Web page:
HS= Hardy shrub

· 1
Cosmos (HHA) is an annual flower easily raised from seed. It’s also one of the very best for the bee. Grow it in groups, making the collection of pollen easier for the bees, who won’t have to fly as far to find their food. Cosmos grows 2-5ft tall, the majority reaching about 2ft. It’s from Mexico, so a half hardy annual. Plant out after all danger of frost has passed, and deadhead to keep them flowering continuously through the summer. These open, flat flowers will delight you as well as giving the bees a feast.
· 2
Aster (HHA) ‘Compostion’ or Michaelmass Daisies. Many modern hybrids have little or no pollen. easy to grow, colorful and late summer to autumn flowering, they provide food late in the season. Important if honeybees are to be well fed to get through the winter months.
· 3
Sunflowers (HA) are a great choice, available in many heights and colours to suit your garden space. Choose yellow or orange over red, which bees don’t like. Varieties exist now for the allergic gardener, containing no pollen. Obviously avoid these when wishing to attract bees.
· 4
Calendulas or marigolds (HA) are great for bees, especially the original single flowered pot marigold. Dead head regularly for a longer flowering period.
· 5
Primulas. (HP) The native primrose, (primula vulgaris), primulas of all kinds, even the drumstick ones are great early food for bees. Cowslips (primula veris) are also good members of this extensive family of perennial plants.
· 6
Rudbekia (HHA) are an extensive group of cone flowers from the aster family. A wide variety of heights, mostly available in yellows and oranges, sure to brighten your border and feed bees. There are also a few hardy perennial ones, of which ‘Goldsturn’ is my personal favourite. All are easy to grow from seed.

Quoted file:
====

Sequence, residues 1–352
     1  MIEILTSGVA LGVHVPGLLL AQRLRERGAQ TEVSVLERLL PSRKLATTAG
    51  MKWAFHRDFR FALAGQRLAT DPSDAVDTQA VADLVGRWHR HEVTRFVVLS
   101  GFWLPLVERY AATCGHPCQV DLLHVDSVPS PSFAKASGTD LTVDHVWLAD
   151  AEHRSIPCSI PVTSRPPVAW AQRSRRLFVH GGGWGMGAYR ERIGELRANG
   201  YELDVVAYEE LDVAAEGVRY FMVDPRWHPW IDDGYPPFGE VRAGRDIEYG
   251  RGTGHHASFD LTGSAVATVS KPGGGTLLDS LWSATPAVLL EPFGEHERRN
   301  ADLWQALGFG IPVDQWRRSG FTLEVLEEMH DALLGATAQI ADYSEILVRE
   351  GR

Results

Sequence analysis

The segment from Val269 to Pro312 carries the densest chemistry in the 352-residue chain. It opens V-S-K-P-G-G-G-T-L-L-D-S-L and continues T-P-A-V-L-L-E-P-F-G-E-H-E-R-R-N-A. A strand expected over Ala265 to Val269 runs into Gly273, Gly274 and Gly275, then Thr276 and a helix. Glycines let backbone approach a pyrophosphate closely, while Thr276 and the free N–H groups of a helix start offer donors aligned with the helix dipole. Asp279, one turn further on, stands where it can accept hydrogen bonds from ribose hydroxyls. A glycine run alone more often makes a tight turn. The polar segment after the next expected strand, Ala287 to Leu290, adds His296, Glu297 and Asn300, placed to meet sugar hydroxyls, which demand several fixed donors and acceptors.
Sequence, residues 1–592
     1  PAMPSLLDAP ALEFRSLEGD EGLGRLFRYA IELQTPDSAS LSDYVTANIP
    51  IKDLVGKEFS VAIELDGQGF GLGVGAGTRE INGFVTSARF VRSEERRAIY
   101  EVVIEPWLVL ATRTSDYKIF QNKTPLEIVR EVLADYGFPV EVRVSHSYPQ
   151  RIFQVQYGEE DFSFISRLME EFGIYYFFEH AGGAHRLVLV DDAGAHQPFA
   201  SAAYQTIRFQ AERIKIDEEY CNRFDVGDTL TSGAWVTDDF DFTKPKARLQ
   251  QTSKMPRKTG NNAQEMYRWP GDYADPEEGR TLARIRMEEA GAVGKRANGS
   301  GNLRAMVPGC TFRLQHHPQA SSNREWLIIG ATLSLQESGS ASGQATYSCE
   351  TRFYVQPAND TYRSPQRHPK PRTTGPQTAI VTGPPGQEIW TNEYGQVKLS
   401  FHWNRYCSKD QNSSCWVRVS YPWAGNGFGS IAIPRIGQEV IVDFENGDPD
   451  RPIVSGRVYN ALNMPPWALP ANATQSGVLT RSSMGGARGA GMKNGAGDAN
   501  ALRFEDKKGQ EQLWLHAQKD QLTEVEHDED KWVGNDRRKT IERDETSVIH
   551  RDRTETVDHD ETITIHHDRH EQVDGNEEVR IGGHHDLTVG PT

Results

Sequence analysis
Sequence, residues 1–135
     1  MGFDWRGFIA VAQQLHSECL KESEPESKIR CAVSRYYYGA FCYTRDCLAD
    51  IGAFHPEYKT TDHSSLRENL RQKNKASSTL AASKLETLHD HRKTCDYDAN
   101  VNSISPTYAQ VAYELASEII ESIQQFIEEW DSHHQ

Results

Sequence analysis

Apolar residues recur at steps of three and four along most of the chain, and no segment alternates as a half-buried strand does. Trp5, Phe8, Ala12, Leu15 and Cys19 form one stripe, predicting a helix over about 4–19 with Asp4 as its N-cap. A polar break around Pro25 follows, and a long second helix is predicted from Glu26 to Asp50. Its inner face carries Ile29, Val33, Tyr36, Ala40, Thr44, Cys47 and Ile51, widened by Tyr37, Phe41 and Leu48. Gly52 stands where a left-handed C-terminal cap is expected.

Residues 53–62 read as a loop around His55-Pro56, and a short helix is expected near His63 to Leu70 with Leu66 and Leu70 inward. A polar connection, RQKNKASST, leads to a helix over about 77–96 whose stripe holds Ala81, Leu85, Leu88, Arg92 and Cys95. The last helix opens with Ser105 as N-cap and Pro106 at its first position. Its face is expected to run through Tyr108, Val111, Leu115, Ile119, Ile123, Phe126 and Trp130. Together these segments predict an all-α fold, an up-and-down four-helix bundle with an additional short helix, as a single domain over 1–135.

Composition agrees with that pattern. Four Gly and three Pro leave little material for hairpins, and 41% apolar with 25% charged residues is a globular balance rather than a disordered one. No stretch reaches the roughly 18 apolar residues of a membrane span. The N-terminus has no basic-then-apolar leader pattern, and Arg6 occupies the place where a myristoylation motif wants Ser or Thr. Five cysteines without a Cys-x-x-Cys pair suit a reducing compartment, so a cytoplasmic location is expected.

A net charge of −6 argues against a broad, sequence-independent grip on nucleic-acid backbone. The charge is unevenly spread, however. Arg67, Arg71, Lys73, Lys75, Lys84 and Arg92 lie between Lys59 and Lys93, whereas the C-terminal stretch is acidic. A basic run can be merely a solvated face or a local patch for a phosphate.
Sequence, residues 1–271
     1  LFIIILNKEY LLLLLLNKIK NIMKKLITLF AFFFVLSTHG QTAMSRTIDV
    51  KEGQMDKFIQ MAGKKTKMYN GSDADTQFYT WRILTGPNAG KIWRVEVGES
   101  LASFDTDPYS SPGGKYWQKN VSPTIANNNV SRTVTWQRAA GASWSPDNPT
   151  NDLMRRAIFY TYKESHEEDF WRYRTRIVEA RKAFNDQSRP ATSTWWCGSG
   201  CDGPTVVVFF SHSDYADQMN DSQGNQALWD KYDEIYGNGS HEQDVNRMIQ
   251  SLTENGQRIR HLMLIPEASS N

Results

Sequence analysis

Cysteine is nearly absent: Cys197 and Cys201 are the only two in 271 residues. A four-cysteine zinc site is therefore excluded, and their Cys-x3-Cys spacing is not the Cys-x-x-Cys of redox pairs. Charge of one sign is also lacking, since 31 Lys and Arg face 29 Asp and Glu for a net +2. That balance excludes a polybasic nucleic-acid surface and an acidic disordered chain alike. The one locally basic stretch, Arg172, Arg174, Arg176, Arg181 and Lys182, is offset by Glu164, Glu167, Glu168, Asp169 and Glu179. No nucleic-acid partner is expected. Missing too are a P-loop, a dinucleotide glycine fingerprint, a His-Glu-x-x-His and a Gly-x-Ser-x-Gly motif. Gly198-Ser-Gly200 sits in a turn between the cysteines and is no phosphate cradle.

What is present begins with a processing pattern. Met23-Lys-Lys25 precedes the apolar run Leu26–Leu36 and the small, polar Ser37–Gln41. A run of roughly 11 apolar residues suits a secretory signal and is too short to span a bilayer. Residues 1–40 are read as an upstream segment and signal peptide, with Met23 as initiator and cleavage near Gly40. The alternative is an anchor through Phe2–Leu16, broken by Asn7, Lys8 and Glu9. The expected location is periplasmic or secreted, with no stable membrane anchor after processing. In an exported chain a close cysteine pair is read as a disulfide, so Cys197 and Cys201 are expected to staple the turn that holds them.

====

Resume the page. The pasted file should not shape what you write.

· 7
Scabious or cornflowers (HA), another aster family member, are mostly blue flowered and bees adore them. Dead-headed regularly, they’ll flower all summer long.
· 8
Lavender (HHS) There are plenty of lavenders to choose from, all needing plenty of sun and well drained soil, but they’ll reward you with plenty of fragrant flowers for cutting and drying. Just watch them get smothered in bees when they come into flower.
· 9
Bluebells (bulb) Another early food supply. Just a note of caution for UK growers. The native English bluebell in now under threat from the Spanish bluebell, which outcompetes and crosses with it. So please ensure you are planting the native bluebell to ensure you don’t endanger a bluebell woodland near you.
· 10
Hellebores (HP) The Christmas rose! A lovely flower to have in your garden from late winter to early spring, this plant will tolerate some shade and moist conditions, though not wet. When bees emerge from hibernation they need food fast. This one gives them a snack when there’s little else around.
· 11
Clematis (Perennial climber) The majority of clematis will provide pollen, and I’ve watched bees happily moving from flower to flower gathering their crop. Always plant clematis deeper than they were in the container, as this gives more protection against cleamits wilt. These plants are hungry and thirsty, so add good compost to the planting hole. They also like their roots in the cool and heads in the sun, so once planted I place either a thick mulch or a pile of stones or gravel around their roots, keeping them cool and conserving moisture.
· 12
Crocus (bulb) Early flowering, plenty to choose from, and planted in the autumn to flower year after year. These are great value and cheer me up as well as the bees!
· 13
Mint (HP), especially water mint, is loved by bees. It’s great in your cooking, too. Easy to grow, it can be a bit of a thug, so either grow it in a container or prevent its escape around the garden by burying a bucket (with holes in the bottom for drainage) and plant your mint into that.
· 14
Rosemary (HHS) A mediterranean herb, rosemary likes well drained soild and full sun. It flowers around April/May. A great culinary herb, bees will take advantage of the pollen as long as you prune it correctly. This is best done straight after flowering, as most of the flowers will appear on new wood. Don’t prune rosemary back to old, bare wood as these are not likely to regrow. Depending on where you live and soil conditions, rosemary can be short lived, so take some cuttings each year so you can replace the old plant should it dsie or become too leggy.